Review: Plants Of The Devil

Review: Plants Of The Devil October 5, 2017

Corinne Boyer’s Plants of the Devil is a treasure. The book traces European folklore, old wives’ tales and myths about plants that are associated with the Devil, both as Old Wild Horned God and as the adversarial enemy, depending on the culture and time. “In many respects, this work addresses the dark characters and abilities of particular plants, those that have been recognized by humans throughout history, and utilized in turn. Attributes as being painful, baneful, toxic, sinister, ominous, haunted, seductive, and dangerous, all have been brought to illumination through the folklore presented. The Devil, whether perceived as a force of Evil to thwart humans from their devotions to God within a religious framework, or as precarious face of wildness within the landscape, shares many of these same qualities. The association between certain plants and the Devil has therefore formed a natural linkage, one that has served to perpetuate the forbidding and wicked plant lore to a deeper degree, over time.” writes Boyer in the epilogue. This small but rich book includes Irish, Russian, Romanian and Transylvanian folklore and charms, as well as that of many other European areas to invite the Old One’s influence or to ward against it. Most interesting is that a lot of these plants are commonly understood as being plants of healing, while their darker lore has been overlooked.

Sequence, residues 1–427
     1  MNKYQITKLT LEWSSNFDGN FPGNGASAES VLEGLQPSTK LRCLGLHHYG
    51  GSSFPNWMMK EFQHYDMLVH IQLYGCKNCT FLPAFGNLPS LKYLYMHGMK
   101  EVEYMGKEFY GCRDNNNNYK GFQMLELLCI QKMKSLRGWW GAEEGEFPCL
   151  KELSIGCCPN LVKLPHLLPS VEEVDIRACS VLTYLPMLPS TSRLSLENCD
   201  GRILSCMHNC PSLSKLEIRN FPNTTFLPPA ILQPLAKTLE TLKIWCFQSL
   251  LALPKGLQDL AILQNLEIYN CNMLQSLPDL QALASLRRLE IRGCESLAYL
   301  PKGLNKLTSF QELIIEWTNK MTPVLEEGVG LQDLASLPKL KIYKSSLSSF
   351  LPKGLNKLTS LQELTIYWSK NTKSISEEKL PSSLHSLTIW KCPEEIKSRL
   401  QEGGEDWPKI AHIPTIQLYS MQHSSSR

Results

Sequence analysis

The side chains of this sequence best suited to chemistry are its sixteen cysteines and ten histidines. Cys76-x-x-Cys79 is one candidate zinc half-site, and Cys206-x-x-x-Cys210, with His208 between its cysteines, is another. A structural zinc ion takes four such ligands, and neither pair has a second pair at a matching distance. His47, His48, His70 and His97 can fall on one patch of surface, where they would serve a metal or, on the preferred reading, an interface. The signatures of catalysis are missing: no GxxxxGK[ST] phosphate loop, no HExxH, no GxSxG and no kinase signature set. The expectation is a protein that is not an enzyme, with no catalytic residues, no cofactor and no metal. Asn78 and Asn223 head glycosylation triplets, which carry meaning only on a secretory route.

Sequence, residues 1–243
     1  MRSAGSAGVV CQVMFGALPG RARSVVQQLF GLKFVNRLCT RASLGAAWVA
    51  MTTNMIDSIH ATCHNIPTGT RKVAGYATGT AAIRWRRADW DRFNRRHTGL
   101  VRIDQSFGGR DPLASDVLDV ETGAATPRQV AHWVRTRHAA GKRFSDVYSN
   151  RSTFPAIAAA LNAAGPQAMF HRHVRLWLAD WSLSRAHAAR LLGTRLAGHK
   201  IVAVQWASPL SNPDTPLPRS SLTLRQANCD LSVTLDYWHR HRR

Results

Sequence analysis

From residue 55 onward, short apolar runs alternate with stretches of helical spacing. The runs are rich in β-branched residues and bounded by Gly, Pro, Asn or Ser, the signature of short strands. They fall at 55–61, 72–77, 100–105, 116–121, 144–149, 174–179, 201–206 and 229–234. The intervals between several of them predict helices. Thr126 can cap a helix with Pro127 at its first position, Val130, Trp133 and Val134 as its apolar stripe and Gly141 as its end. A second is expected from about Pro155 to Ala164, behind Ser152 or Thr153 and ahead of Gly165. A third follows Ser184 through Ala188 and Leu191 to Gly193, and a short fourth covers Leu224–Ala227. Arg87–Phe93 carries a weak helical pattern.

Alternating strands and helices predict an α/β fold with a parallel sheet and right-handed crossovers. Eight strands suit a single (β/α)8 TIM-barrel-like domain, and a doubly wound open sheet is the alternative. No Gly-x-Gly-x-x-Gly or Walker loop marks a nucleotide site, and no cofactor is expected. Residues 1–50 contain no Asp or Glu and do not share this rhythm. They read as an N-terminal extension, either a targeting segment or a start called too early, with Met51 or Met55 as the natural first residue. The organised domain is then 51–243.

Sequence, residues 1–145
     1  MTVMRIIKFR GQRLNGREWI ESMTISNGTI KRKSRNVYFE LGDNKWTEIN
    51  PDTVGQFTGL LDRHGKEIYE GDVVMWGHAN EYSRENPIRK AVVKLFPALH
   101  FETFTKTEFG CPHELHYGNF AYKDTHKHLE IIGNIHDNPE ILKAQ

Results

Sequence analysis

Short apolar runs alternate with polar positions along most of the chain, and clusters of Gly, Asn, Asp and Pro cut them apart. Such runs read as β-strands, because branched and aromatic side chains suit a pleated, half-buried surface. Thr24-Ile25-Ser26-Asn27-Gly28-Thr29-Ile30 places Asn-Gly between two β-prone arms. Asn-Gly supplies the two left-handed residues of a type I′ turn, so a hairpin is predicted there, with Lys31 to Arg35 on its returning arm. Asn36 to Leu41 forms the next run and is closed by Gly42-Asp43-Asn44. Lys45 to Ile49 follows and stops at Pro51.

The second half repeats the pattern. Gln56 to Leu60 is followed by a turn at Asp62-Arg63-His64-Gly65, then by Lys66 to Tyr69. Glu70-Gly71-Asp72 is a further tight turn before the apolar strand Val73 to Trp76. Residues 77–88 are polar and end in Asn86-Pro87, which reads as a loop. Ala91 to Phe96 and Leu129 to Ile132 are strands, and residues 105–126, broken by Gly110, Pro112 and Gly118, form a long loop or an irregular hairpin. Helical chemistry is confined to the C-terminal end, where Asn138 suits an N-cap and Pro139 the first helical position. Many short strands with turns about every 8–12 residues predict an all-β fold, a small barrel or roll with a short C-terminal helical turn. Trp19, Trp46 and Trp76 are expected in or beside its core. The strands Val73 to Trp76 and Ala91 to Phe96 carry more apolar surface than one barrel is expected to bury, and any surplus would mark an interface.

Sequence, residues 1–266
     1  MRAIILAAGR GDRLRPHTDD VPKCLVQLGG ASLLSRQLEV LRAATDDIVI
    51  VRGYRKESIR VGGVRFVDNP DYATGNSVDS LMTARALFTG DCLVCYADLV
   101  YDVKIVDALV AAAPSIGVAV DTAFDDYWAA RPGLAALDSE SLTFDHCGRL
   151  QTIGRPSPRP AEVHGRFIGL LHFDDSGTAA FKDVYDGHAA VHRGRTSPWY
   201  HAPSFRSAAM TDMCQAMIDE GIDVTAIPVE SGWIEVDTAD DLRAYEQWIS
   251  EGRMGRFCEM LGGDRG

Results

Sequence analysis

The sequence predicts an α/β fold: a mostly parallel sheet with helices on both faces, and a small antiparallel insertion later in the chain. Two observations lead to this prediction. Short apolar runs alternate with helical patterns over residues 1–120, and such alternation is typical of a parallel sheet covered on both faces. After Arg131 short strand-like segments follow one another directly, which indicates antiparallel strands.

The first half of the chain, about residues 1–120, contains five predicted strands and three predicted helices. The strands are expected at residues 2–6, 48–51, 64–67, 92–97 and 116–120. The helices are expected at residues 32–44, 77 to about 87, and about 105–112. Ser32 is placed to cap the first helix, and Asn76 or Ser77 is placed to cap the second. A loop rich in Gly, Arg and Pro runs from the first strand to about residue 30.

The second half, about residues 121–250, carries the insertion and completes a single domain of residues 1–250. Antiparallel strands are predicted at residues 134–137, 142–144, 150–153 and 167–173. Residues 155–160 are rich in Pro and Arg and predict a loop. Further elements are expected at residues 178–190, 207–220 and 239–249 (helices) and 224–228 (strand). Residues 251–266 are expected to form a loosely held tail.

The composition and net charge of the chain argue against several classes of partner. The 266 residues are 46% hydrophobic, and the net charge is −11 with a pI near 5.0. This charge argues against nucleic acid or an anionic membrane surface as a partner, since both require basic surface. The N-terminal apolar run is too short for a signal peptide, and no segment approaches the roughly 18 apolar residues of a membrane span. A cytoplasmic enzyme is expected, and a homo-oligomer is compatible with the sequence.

Boyer writes masterfully, being poetically expressive without sliding into pretentiousness and articulately informative without being inaccessible or overly academic. The author presents a fruitful harvest of lore and information that is sure to inspire anyone who works with plants in their witchcraft practices. Instead of holding your hand and teaching you how to work with these plants, she instead plants the seeds of inspiration for you to cultivate and nurture into your own practice. The book is full of beautiful full-page illustrations and ornamental illustrations by Marzenna Ableweska. These images are almost a meditation in themselves, giving the text a deeper richness, which is something that I’ve come to expect with books published by Three Hands Press. The book itself should be in anyone’s collection who is serious about working with plants and their lore.


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